Individualizing the Dead: Attributes in Palmyrene Funerary Sculpture
New volume in the book series “Studies in Palmyrene Archaeology and History”, edited by Professor Maura K. Heyn (UNC Greensboro) and Professor Rubina Raja.
Heyn, M. K. & Raja, R. (eds.) (2021). Individualizing the Dead: Attributes in Palmyrene Funerary Sculpture, Studies in Palmyrene Archaeology and History 3, Turnhout.
The latest volume of Studies in Palmyrene Archaeology and History has just been published. It brings together eight contributions that examine and shed light on how attributes were used by Palmyrene sculptors and patrons in order to express social cohesion and group identity, as well as to demonstrate individuality.
A range of choices when conceptualising a portrait
In the first three centuries of our era, thousands of Palmyrene relief portraits were sculpted. The oasis city of Palmyra prospered, and those who had the necessary means would make sure to have the portraits of their deceased family members sculpted in stone – portraits that would adorn the elite graves in the city. The portraits represent Palmyrene men, women and children, and they express a range of things about the inhabitants of this ancient city. The Palmyrenes individualised the portraits, and an important part of this individualisation is the attributes that the deceased are depicted with. Multiple choices were available to commissioners of art works in Palmyra, and in the portraits we see Palmyrenes holding keys, weapon, fruits, utensils used in the domestic sphere and for writing, as well as banquet tableware. Also jewellery, clothing and inscriptions set the specific portrait apart from other portraits. With a range of possibilities for creating variation in the portraits, the sculptor was able to create portraits that expressed exactly what the customer wanted. Specific attributes could express social status, wealth, identity, and professions and skills.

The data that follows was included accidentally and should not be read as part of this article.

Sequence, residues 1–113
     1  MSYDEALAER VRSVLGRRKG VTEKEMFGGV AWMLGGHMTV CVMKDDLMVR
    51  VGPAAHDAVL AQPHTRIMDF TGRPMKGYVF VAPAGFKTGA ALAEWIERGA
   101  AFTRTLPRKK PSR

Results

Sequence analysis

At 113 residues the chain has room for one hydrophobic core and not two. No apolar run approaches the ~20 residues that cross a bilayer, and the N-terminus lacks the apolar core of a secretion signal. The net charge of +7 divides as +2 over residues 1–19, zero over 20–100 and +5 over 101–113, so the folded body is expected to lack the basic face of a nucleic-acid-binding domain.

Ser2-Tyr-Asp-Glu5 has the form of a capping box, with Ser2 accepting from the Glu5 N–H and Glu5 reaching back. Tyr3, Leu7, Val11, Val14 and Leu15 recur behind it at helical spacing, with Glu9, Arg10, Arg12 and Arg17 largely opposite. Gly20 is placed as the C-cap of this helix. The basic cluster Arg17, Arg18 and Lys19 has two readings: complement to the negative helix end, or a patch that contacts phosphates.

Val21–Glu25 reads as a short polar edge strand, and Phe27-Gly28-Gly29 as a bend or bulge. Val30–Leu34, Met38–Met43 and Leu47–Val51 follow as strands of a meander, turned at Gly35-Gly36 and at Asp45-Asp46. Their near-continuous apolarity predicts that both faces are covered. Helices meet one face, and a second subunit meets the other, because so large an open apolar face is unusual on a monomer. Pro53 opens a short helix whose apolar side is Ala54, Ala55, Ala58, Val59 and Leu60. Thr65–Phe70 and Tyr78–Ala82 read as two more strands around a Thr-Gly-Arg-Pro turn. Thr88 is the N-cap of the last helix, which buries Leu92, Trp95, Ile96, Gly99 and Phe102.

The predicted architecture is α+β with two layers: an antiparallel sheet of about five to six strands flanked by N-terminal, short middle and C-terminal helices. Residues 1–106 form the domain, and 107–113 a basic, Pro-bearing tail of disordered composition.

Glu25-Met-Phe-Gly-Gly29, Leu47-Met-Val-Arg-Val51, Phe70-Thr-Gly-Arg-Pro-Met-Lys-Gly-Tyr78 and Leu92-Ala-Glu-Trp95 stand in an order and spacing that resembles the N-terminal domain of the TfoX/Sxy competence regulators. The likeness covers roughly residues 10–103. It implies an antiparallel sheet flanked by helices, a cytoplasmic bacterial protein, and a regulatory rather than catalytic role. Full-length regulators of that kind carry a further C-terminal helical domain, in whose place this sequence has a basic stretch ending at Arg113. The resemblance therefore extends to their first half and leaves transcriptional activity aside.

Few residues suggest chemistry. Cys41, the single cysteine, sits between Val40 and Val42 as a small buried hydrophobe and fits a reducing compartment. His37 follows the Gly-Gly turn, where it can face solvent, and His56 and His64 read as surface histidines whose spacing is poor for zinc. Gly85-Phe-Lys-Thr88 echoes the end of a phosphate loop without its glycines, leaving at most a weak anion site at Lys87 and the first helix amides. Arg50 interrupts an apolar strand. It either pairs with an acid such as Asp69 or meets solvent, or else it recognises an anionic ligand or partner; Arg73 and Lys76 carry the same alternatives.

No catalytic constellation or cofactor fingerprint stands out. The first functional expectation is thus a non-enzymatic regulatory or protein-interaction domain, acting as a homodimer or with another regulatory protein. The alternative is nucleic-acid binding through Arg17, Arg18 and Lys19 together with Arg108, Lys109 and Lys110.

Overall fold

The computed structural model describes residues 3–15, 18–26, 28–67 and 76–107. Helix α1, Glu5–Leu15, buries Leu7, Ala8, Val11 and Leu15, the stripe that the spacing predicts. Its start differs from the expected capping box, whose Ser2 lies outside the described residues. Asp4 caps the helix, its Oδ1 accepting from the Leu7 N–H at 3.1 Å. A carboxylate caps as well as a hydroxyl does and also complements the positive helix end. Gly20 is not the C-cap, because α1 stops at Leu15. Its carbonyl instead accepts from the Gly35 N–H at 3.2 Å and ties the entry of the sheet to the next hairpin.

In-depth exploration of attributes
The new publication brings the attributes into focus. Through eight contributions different attributes are investigated, and their meaning are discussed. How and why were they used by both artists and their patrons? Why are some attributes rare, while others appear again and again? And which messages do the different attributes send? Social cohesion and group identity could be expressed, individuality could be demonstrated, and knowledge about the world outside of Palmyra could likewise be made clear through the portraits. While most of the contributions look into rare and common attributes in the portraits, one contribution highlights the iconography found on Palmyrene local coinage. This is another display of Palmyrene identity and an important comparative material. The last contribution is concerned with the epigraphic habit of the city and looks into the lack of mention of attributes and professions in the inscriptions from the city.
Book series: Studies in Palmyrene Archaeology and History
Individualizing the Dead: Attributes in Palmyrene Funerary Sculpture is the third volume within the double-blind peer-reviewed book series Studies in Palmyrene Archaeology and History (Brepols), initiated by Rubina Raja. The book series will provide a stage for edited volumes and monographs on the city of Palmyra and draw together international research on areas such as archaeology, history, historiography and cultural heritage.
Read more about the new publication on Brepols Publishers’ website here.
Read more about the new book series Studies in Palmyrene Archaeology and History here.
Read more about the Palmyra Portrait Project here.